Using data to make your case and get results
For Immediate Release
CHICAGO — Administrators, policymakers, legislators and the public demand concrete, measurable evidence of library use and why they are needed. The collection and dissemination of data about library service in a straightforward, convincing manner are integral components of library advocacy in the current economic climate. “Say It with Data: A Concise Guide to Making Your Case and Getting Results,” published by ALA Editions, addresses frontline librarians lobbying for increased programming or staff, as well as administrators marshaling statistics to stem the tide of budget cuts and prevent library closures. Exploring the whys and hows of using data to build a better picture of library needs and successes, Priscille Dando uses a distinctive combination of research-based information and practical application. Her book:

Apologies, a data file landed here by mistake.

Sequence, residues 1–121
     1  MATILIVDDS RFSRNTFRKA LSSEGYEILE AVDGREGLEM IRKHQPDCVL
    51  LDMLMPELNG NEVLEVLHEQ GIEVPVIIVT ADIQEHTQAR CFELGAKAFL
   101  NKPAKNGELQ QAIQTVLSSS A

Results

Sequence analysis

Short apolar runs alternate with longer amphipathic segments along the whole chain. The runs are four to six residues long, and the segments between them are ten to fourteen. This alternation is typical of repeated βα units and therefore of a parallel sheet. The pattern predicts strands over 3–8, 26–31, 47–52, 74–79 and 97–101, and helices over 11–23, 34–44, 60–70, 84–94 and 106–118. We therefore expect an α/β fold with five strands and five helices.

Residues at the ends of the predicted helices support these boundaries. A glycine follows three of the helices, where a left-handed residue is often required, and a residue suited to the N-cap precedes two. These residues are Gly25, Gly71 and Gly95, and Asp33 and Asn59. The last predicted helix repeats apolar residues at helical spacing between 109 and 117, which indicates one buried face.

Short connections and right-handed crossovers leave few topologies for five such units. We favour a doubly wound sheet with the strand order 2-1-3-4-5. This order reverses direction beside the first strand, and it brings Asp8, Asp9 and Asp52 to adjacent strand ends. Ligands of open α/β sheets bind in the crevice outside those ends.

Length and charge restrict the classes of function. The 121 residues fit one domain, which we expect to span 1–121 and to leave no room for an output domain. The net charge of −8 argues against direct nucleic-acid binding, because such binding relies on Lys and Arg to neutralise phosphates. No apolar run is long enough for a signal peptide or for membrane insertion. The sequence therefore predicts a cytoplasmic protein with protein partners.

- demonstrates how data from surveys, focus groups, ALA and state and local sources can be aggregated and used to craft a strong message;
- takes readers step by step through the process of using data to tailor a message to specific audiences;
- offers real-world examples from school and public libraries that can be used as models.
Dando is a library information services educational specialist supporting the secondary library programs of Fairfax County Public Schools, Virginia. Her 23-year career as a teacher and librarian has focused on best practices for instruction and advocacy for teens. She is a National Board Certified Teacher in Library Media and was named Teacher of the Year at Robert E. Lee High School in 2003. A member of the Young Adult Library Services Association (YALSA) Board of Directors, she also serves on several advisory boards, including the National Forum on Teens and Libraries hosted by YALSA and supported by the Institute of Museum and Library Services.
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